Tenants in San Francisco who enjoy eviction protections can only be evicted for just cause as set forth in the San Francisco Rent Ordinance. Those causes are categorized as either “fault” or “no fault” grounds for eviction. A San Francisco owner move-in eviction is a “no fault” eviction because the tenants are not being evicted for doing anything wrong; they are not at “fault”. The Rent Ordinance requires landlords performing a no fault eviction to pay tenants a certain sum for relocation expenses in an amount set by law.
In San Francisco, no fault eviction relocation payments are regulated by the Rent Ordinance, which sets forth who and how much must be paid. First, only eligible tenants need be paid relocation money. An eligible tenant is defined as any authorized occupant of a rental unit, regardless of age, who has resided in the unit for twelve or more months. This means that an eligible tenant need not be an original tenant, nor must the eligible tenant even be on the lease. All which is required to establish eligibility for relocation purposes is that the occupant is authorized to be in possession and they have been there for at least twelve months.
Each eligible tenant must be paid the amount set by the San Francisco Rent Ordinance, which is increased on a yearly basis pursuant to a formula based on the Consumer Price Index. Currently that amount is $6,281 per eligible tenant. The Rent Ordinance further caps the amount a landlord must pay eligible tenants at three times the relocation amount. This means that if a rental unit has four eligible tenants for example, rather than each tenant getting the full amount, they would instead share equally one quarter of the capped amount of three times the eligible tenant amount. A landlord serving an owner move-in notice is required to pay each eligible tenant one-half of the relocation payment when the termination notice is served and one-half upon the tenants vacating the property.
In addition to the relocation payment that must be paid to each eligible tenant with the owner move-in eviction notice, upon demand and proof, a landlord is also obligated to pay an additional relocation amount to each eligible tenant who is either 60 years of age or older, or is disabled pursuant to certain California law. The additional payment is also set by the Rent Ordinance on a yearly basis, and is currently $4,188. Curiously, the definition of “disability” for purposes of additional relocation payments differs from common assumptions and conceptions. The applicable California law defining disability for this purpose defines disability as essentially anything affecting a tenant’s quality of life. In addition to that additional relocation payment, upon proof and demand, a landlord must further pay an additional relocation payment if the household receiving the termination notice has at least one child under the age of 18. If these additional relocation payments are claimed, a landlord must make the first payment within fifteen days of the demand, the balance being paid when the tenants vacate.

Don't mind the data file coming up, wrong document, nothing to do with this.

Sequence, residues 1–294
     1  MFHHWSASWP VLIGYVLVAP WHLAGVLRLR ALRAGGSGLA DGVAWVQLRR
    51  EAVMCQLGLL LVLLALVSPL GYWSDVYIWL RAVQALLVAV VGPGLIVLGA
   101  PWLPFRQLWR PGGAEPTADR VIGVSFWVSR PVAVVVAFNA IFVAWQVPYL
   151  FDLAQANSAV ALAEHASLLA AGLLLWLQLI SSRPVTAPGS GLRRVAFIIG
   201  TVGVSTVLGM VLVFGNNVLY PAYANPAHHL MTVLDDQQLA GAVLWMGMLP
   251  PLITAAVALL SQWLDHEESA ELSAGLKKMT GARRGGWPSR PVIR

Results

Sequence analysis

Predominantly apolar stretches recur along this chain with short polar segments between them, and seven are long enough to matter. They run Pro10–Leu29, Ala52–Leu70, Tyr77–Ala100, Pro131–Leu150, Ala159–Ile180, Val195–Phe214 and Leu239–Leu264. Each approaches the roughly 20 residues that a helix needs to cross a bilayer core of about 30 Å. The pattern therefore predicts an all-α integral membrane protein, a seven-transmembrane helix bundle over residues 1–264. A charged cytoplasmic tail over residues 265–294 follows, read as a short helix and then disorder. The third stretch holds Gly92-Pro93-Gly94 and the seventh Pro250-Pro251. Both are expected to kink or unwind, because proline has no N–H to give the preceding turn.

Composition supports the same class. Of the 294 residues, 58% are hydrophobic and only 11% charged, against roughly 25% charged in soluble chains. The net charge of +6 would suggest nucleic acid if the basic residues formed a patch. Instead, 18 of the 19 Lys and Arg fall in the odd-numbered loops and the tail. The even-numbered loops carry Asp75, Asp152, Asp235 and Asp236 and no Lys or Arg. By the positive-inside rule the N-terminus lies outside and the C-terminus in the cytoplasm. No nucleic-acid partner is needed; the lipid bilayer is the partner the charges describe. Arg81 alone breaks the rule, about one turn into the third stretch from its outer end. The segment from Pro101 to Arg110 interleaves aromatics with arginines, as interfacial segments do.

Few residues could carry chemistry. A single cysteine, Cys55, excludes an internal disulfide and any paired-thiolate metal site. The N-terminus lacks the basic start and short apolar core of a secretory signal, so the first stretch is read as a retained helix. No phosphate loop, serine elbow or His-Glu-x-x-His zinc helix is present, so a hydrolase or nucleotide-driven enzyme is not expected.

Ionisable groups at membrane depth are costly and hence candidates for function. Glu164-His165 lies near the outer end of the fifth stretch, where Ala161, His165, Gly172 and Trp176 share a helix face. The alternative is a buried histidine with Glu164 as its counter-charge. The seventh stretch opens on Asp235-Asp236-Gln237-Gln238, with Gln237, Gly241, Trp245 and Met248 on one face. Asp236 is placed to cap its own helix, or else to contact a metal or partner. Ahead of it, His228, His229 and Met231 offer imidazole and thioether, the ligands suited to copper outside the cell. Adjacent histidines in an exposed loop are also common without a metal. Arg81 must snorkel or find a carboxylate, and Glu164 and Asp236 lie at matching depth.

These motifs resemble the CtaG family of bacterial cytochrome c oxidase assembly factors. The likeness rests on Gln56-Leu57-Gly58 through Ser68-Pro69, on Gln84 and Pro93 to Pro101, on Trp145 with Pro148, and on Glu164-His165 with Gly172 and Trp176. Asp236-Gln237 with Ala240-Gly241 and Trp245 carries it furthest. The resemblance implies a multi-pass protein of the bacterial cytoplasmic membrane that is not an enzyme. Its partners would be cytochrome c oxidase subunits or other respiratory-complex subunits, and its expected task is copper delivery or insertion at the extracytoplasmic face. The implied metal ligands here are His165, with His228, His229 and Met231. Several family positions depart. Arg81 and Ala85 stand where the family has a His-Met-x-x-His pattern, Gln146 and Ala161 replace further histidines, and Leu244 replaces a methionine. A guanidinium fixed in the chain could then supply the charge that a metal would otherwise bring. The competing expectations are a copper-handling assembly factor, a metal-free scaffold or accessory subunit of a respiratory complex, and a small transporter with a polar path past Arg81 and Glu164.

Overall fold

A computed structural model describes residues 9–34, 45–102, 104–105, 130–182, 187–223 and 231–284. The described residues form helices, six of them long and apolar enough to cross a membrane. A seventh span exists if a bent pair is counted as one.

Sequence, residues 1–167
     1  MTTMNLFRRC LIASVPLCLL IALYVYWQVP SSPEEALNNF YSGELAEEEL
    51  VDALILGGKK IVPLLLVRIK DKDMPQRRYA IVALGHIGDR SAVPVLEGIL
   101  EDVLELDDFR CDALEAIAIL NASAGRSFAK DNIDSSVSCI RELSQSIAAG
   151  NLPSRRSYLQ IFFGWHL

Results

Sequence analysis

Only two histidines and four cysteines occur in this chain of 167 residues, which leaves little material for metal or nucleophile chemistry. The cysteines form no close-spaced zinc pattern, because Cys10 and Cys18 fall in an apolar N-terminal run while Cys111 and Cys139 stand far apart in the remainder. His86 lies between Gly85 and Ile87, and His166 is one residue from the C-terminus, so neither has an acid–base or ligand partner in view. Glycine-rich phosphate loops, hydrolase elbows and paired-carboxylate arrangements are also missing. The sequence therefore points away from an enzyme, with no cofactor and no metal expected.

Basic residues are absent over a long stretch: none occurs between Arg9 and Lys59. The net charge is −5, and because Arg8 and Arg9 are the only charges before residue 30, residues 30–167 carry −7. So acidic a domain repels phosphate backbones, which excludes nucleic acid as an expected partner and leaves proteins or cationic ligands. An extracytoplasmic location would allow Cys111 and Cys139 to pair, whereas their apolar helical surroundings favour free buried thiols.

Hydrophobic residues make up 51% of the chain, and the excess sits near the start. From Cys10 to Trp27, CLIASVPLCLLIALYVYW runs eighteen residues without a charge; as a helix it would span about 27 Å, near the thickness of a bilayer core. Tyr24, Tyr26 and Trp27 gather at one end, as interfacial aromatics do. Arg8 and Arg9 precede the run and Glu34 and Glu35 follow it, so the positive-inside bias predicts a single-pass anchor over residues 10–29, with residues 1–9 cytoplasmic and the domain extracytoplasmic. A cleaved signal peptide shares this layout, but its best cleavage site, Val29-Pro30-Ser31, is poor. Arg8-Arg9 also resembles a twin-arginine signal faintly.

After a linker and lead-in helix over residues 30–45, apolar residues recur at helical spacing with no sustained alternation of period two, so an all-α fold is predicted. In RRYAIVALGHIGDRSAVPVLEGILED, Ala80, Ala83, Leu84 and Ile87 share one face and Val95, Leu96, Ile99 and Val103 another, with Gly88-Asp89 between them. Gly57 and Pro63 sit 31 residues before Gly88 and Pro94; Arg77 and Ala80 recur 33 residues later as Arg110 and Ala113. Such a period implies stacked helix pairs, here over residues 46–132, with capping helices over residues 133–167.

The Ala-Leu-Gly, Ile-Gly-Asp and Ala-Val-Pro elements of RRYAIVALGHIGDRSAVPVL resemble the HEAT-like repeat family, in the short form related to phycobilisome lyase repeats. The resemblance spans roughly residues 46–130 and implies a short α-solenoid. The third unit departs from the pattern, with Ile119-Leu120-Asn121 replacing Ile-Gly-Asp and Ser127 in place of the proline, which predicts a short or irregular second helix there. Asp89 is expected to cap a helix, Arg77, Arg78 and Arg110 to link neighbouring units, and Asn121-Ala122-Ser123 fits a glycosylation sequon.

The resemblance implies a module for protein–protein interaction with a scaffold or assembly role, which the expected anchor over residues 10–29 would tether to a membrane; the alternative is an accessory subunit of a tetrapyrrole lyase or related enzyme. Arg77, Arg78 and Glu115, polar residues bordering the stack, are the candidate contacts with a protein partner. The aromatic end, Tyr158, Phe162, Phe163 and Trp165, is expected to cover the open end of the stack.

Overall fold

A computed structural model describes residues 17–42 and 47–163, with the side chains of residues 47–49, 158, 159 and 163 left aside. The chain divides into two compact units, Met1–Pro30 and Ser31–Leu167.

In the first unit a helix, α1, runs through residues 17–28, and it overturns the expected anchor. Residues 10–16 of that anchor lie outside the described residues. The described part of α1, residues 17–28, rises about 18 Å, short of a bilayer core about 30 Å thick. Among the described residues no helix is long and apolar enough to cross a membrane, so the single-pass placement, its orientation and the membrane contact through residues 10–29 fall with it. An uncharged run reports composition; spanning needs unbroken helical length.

So, what does it cost to perform a San Francisco owner move-in eviction? As far as statutory costs are concerned, a landlord must pay the necessary relocation amount to each eligible tenant as well as any proper additional relocation amounts demanded with proof based on age, disability, and/or a household with minor.
If you are curious about learning more about performing an owner move-in eviction or relative move-in eviction for a San Francisco property you own or are looking to purchase, it is advised that you contact an experienced San Francisco Real Estate attorney who represents property owners and landlords in San Francisco.
San Francisco Owner Move-In Eviction and Relative Move-In Eviction information provided by San Francisco Real Estate attorney Mark Chernev.
Mark B. Chernev, Zacks, Freedman & Patterson, PC, 235 Montgomery Street, Suite 400, San Francisco, CA 94115 : 415 – 956 – 8100